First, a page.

Readers, from then on it went downhill!

The miserable white belt meant I was more or less forced into the gym team, run by a tartar with a red face, a mustache and knobby knees.

I wriggled my way out of this by working so hard on my classes that I jumped up a year and was able to offer the impeccable excuse that after skipping a year I had to throw up my O levels so, horribly sorry, no time for fun and games.

Lacrosse, a game without limits, found me running, with my lacrosse stick, so far from the field that by the time I walked back lazily, the game lesson was over.

Fortunately, as far as tennis, coming from a modest public elementary school, I had never played the game and had to deal with peers who had been members of posh clubs from birth. I was considered so crazy that no one wanted to play with me.

And then for a swim, oh my, well, I had those shockingly “unreliable” periods.

In college I got my practice of climbing out of college windows, over rooftops and down drainpipes, and over high railings, to get into the male colleges (which were still single in those distant days).

And I did quite a bit of punting too, but more reclined, gracefully dressed, hand dragging languidly in the water variant.

In adult life, I’ve made feeble attempts to join the fitness converts and even signed up for a gym membership.

The first time, I went for an expensive one (“cheaper in the long run,” I was assured) and there’s something about paying more that somehow promises to knock you off the hook. Look, I paid through the nose, so that’s enough, right?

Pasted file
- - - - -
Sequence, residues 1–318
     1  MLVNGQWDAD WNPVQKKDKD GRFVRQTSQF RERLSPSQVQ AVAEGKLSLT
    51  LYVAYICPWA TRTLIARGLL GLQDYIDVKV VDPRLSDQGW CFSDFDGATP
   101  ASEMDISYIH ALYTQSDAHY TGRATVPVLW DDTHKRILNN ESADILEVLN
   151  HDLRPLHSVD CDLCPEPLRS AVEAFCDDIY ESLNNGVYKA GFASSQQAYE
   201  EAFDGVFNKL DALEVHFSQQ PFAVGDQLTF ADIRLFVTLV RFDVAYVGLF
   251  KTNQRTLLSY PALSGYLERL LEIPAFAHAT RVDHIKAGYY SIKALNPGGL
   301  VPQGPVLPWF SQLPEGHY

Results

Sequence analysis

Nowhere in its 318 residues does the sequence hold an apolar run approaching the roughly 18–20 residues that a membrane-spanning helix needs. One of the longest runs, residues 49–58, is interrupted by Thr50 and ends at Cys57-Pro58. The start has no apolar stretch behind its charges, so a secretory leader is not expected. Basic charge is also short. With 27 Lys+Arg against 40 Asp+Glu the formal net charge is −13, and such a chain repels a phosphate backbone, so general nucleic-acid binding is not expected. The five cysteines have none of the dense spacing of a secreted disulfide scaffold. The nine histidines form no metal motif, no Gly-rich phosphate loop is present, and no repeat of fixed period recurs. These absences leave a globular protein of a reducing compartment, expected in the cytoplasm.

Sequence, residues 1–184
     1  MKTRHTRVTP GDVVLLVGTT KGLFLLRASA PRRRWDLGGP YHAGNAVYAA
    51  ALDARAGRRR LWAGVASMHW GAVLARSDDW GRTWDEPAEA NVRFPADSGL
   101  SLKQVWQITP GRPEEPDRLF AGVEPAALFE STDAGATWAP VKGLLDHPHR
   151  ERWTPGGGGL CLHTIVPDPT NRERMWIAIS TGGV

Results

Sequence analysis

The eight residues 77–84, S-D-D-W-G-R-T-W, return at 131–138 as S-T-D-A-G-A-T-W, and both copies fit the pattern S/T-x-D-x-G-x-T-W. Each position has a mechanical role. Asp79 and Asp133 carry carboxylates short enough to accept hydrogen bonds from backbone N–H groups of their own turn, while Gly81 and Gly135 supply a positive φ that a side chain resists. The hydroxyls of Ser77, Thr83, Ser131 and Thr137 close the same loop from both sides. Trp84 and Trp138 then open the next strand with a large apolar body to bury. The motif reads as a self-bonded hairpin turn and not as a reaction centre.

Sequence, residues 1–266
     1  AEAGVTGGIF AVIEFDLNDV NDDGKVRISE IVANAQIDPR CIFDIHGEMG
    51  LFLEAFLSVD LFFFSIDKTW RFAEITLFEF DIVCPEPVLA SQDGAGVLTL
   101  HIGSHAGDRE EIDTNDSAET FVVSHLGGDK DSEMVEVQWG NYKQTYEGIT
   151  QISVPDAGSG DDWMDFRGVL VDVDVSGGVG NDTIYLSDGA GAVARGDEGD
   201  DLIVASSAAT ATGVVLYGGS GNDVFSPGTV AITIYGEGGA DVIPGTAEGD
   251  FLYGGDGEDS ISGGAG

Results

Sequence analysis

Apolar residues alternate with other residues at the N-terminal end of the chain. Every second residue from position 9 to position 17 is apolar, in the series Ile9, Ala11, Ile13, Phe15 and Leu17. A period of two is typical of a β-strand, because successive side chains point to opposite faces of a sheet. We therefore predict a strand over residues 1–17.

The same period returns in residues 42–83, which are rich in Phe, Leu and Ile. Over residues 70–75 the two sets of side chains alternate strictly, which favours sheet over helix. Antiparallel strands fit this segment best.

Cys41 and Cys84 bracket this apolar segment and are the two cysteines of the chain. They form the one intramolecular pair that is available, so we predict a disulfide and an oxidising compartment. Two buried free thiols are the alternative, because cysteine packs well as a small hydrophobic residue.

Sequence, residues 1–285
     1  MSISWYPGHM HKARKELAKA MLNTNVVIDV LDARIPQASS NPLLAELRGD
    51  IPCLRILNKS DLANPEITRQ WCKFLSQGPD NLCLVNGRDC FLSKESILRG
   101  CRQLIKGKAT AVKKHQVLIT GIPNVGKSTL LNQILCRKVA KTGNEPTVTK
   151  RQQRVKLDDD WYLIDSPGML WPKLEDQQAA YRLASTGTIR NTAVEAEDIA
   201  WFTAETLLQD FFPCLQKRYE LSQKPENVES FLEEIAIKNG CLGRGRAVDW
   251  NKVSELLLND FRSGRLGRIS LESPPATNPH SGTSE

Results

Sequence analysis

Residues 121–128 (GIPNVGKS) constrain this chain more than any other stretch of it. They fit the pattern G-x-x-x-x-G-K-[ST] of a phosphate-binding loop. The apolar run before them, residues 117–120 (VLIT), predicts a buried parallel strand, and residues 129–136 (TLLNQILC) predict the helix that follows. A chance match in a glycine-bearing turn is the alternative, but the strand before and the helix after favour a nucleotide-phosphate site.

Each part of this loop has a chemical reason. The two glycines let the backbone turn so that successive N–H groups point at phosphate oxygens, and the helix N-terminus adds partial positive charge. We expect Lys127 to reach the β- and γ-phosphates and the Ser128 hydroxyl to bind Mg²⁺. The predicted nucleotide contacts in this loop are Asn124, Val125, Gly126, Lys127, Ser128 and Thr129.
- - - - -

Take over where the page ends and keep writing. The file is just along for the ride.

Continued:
'Always give me a fork and a pair of sturdy gardening gloves,' explains Salley, after the lockdown

'Always give me a fork and a pair of sturdy gardening gloves,' explains Salley, after the lockdown

‘Always give me a fork and a pair of sturdy gardening gloves,’ explains Salley, after the lockdown

For the record, I bought a large amount of temptingly packaged vitamin pills and never went back. I think the pills are still in my kitchen cupboard unless my youngest son, who takes the burden of sorting me out, has thrown them away.

The second time I approached a gym, a well-muscled man with rings in his nose tested my body mass index (BMI).

The BMI news wasn’t good, he was happy to tell me, and as far as I’m concerned it was – I didn’t go there to be humiliated.

On my third attempt at joining the gym, I banjaxed my back on the very first session, leading to an expensive treatment at the osteopath. He was also part of my growing rebellion.

When I proudly announced that no matter how old I am, I could still touch my toes, he firmly let me know that this was not a congratulation, it meant that I was being ‘overflexible’, a seemingly dangerous condition, not something to worry about. to create.

He prescribed weights and after paying his hefty bill I made for the hills.

During the lockdown I rented a small cottage in the countryside to write my latest novel and it was a bliss, except for the platoons of Lycra-clad cyclists who owned the small roads and narrowly missed me as I ambled picking wildflowers.

The garden of the cottage was unkempt and extensive, the lawn a hay field. I spent many happy hours digging rampant dandelions or mowing the knee-high grass.

Goodbye gym, goodbye Pilates, goodbye salsa and Zumba classes—always hand me a fork and a pair of sturdy gardening gloves. And so, finally, I found the perfect excuse to ditch every other form of fitness.

The Gardener by Salley Vickers (£8.99, Penguin) is out now